FINDINGS AND RECOMMENDATIONS
GREGORY G. HOLLOWS, Magistrate Judge.
Petitioner is a state prisoner proceeding pro se with an application for writ of habeas corpus pursuant to 28 U.S.C. § 2254. On September 3, 2013, respondent filed a motion to dismiss. Petitioner filed an opposition on October 21, 2013, after receiving an extension of time from this Court. On November 4, 2013, respondent filed a reply.
The instant petition challenges the identical sentencing issues raised by a previous habeas petition, and respondent has confirmed that this is the case. ECF No. 17. This petition is successive to Montalvo v. Malfi, case no. 2:08-cv-1224, wherein petitioner alleges he was sentenced under California's former Indeterminate Sentencing Law ("ISL") because his crime was committed in 1976, but that the parole board has refused to convert his sentence to conform to the Determinate Sentencing Law ("DSL"); that his sentence violates the Eighth Amendment; and that applying newer parole guidelines, rather than those applicable to ISL sentences, violates the Ex Post Facto Clause of the Constitution. ECF, 2:08-cv-1224, No. 1. The previous application for a writ of habeas corpus was denied as untimely. ECF, 2:08-cv-1224, No. 74. In the instant petition, petitioner again alleges that the parole board failed to fix his term to conform to the DSL and that this failure violated his Eighth Amendment, due process, and ex post facto rights. ECF, 2:13-cv-1276, No. 1. "A claim presented in a second or successive habeas corpus application under section 2254 that was presented in a prior application shall be dismissed." 28 U.S.C. § 2244(b)(1). And, an initial federal habeas petition which was dismissed on statute of limitations grounds will make a second petition successive under 28 U.S.C. § 2244(b). McNabb v. Yates , 576 F.3d 1028, 1030 (9th Cir. 2009). Therefore, petitioner's claims that were also made in his previous petition should be dismissed.
The present petition, however, alters petitioner's claim regarding the violation of his ex post facto rights. Here, he claims that the board violated his ex post facto rights by labeling his commitment offense a hate crime without affording him a jury trial. ECF, 2:13-cv-1276, No. 1, 2. "A claim presented in a second or successive habeas corpus application under section 2254 that was not presented in a prior application shall be dismissed...." 28 U.S.C. § 2244(b)(2). This is the case unless,
(A) the applicant shows that the claim relies on a new rule of constitutional law, made retroactive to cases on collateral review by the Supreme Court, that was previously unavailable; or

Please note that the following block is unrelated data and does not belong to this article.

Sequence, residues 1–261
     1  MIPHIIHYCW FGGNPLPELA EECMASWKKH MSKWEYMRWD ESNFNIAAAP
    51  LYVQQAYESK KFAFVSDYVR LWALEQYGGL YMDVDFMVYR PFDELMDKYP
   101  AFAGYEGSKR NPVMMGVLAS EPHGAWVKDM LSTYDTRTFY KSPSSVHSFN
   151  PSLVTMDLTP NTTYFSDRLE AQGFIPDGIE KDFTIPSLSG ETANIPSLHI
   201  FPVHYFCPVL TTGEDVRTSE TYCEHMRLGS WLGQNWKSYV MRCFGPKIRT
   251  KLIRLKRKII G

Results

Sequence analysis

(B)(i) the factual predicate for the claim could not have been discovered previously through the exercise of due diligence; and
(ii) the facts underlying the claim, if proven and viewed in light of the evidence as a whole, would be sufficient to establish by clear and convincing evidence that, but for constitutional error, no reasonable factfinder would have found the applicant guilty of the underlying offense.
28 U.S.C. § 2244(B)(2).
However, "[b]efore a second or successive application permitted by this section is filed in the district court, the applicant shall move in the appropriate court of appeals for an order authorizing the district court to consider the application." 28 U.S.C. § 2244(b)(3)
Before petitioner can proceed with the instant application, he must move in the United States Court of Appeals for the Ninth Circuit for an order authorizing the district court to consider the application. 28 U.S.C. § 2244(b)(3). Therefore, petitioner's application must be dismissed without prejudice to its refiling upon obtaining authorization from the United States Court of Appeals for the Ninth Circuit.
Accordingly, IT IS HEREBY RECOMMENDED that:
1. Respondent's motion to dismiss, filed September 3, 2013, (ECF No. 17), be GRANTED; and
2. This action be dismissed without prejudice. These findings and recommendations are submitted to the United States District Judge assigned to the case, pursuant to the provisions of 28 U.S.C. § 636(b)(l). Within fourteen days after being served with these findings and recommendations, any party may file written objections with the court and serve a copy on all parties. Such a document should be captioned "Objections to Magistrate Judge's Findings and Recommendations." Any response to the objections shall be filed and served within fourteen days after service of the objections. The parties are advised that ...